Loving Right on Yom Kippur

I accidentally saw the Dateline special on Rabbi Shmuleyʼs (http://www.shmuley.com) “Michael Jackson” tapes. As a trusted spiritual adviser, from 2000 to 2001 the Rabbi recorded intimate conversations between himself and Michael Jackson.  Shmuley says that it was Michaelʼs wish to make these public so that the public could know his true self. On the tapes, Michael is very open and freely discusses many of the things we all wonder about him.

Hearing some pieces of Michaelʼs experiences and perspectives on the world left me feeling so sad. He was a portrait of his upbringing.  A man constantly struggling to be a (loved and cared for) little boy.  All he wanted was to feel special. I know that sounds crazy.  The whole world saw him as special.  He was admired and revered throughout the globe.  Yet, he never internalized the love of warm, caring, bonded parents.  He saw himself as having to constantly work to please the 2 people in his world who should have loved him unconditionally.  I donʼt mean to harp on his parents.  I donʼt know them or how they were in their private moments. I am simply going on Michaelʼs own words.

After stumbling on this program, I flipped on Oprah, only to see Mackenzie Phillips discuss her horrific upbringing and her desperate attempts to receive the love every little girl needs from her dad.  Of course her revelation about her “consensual” sexual affair with her father was a jaw dropper. Yet it left me feeling angry.  All I could think was, “Your dad is supposed to be the ONE man who doesnʼt want to f*%k you!”  Any possibility of this being “consensual” is complete BS.  Yes, she was an adult, yes, she continued the relationship with him for 10 years, yes, yes , yes.  The inner drive of a child to feel loved by his/her parents is deeper than anyone wants to imagine.  Without that feeling we will go to the depths of the earth to try either to get it or, on the flip-side, prove we are truly unloveable. This was not consensual. This was desperation and unexplainable longing, and a special kind of brainwashing from a man lost in the deepest pit of drug addiction and his own issues.  I dont care how “loving”, talented, or ill he was. Somewhere in his soul, he knew better.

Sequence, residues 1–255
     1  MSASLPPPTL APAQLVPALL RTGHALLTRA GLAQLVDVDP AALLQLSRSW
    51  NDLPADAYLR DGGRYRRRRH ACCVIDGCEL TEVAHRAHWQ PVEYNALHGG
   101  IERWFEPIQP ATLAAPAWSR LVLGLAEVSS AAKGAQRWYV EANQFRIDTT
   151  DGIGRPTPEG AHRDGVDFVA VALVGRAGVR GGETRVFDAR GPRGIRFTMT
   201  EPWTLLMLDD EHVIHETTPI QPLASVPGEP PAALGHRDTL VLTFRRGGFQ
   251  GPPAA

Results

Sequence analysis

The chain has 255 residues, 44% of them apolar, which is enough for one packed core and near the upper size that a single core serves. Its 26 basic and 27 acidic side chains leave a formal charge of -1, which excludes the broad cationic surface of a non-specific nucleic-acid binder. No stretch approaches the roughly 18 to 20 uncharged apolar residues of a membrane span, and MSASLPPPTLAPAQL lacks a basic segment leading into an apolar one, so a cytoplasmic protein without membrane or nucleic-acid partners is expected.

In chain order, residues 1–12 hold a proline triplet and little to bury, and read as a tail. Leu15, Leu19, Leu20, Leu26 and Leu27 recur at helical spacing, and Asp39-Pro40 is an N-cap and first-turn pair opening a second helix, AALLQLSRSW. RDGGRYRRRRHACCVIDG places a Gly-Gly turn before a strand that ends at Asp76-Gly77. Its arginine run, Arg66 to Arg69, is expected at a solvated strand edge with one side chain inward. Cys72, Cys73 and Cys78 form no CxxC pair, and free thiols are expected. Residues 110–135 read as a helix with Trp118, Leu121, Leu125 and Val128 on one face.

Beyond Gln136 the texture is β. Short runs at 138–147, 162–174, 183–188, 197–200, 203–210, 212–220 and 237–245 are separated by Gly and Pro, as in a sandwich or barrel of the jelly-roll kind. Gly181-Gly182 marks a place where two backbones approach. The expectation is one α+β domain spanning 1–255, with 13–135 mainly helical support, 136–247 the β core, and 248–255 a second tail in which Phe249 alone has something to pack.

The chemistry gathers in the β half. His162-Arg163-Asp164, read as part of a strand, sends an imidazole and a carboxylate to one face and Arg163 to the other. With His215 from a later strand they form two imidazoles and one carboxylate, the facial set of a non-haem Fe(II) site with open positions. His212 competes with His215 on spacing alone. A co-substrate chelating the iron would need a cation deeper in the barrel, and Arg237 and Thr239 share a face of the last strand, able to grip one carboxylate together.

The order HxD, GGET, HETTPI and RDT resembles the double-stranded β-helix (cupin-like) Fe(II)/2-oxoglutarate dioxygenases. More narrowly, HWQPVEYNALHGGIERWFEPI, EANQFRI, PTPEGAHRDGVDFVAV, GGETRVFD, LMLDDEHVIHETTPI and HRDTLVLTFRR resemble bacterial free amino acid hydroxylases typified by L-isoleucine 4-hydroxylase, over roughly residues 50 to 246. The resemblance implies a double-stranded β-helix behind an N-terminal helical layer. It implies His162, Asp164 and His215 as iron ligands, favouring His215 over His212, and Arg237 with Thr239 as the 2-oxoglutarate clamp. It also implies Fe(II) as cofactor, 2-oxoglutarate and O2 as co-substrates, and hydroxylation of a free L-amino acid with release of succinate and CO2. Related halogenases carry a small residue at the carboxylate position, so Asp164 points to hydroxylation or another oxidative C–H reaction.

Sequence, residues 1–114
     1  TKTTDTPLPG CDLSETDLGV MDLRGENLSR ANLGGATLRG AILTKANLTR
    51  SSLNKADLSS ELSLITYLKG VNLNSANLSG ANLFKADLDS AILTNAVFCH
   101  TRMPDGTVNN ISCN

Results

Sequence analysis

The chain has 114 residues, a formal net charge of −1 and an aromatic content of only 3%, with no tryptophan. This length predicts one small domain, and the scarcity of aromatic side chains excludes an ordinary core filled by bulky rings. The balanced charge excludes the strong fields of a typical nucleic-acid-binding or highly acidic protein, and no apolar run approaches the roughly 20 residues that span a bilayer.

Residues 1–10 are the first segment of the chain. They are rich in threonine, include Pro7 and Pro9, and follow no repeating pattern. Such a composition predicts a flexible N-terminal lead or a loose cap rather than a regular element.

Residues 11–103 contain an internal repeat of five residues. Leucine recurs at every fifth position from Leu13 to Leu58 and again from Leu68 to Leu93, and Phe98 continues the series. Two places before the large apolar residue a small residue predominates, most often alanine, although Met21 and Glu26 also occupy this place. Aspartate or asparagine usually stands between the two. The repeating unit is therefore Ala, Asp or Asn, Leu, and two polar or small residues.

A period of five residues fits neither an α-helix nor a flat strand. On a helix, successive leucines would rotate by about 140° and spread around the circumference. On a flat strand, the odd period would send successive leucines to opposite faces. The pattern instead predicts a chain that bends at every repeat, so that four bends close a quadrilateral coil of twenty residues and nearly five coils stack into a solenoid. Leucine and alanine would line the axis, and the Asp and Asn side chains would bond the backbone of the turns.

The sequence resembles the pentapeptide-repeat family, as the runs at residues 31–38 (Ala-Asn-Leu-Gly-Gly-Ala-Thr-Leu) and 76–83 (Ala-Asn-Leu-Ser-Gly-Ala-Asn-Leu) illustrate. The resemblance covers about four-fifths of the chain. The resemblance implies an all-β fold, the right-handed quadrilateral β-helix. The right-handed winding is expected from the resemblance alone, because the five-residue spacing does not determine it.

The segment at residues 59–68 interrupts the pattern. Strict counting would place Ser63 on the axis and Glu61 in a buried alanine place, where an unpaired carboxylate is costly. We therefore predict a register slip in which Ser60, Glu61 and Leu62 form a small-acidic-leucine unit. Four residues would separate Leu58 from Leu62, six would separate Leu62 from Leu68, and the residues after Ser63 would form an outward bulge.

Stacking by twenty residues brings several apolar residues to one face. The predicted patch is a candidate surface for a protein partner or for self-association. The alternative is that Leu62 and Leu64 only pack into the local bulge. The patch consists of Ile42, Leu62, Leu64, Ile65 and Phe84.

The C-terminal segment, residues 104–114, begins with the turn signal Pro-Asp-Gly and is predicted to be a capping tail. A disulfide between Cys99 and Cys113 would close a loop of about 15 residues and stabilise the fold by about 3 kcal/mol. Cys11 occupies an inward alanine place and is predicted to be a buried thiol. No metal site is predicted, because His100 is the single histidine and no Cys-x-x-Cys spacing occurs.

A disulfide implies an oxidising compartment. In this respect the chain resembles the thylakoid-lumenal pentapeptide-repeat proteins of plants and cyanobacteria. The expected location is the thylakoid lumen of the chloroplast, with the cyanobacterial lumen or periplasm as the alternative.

These interviews left me with a deep sadness about the ignorance we walk around with regarding our own impact on those closest to us.  We listen to ourselves when we think, “this is for his own good” or “she can do better,” “or “this kid is not what I hoped for.” We have to find a way to understand where these thoughts come from.  Often, they have nothing to do with the child at all.

We need to listen our hearts and our souls.  Look at our children and HEAR them. FEEL their longing. KNOW them for who they are and what they need to feel our love.  Michael was a superstar.  He brought joy to many many people. But he is dead. He medicated himself into oblivion b/c he couldnʼt feel the love he needed to survive his life.

On this day of Jewish contemplation and repentance, Yom Kippur, I mourn the childhoods lost to parental neglect and ignorance. I want to ask my children to forgive me for the times I disregarded their needs. I ask for help to be a better parent.  Every day.  I am thankful for all the parents who try to understand their own upbringing in order to be better parents than they had growing up.  If we all strive to do it a little bit better than our parents did; or if we have been blessed with truly wonderful parents we strive to be more like them, if we can try our hardest to hear and provide what our children really need, then we are doing it right.


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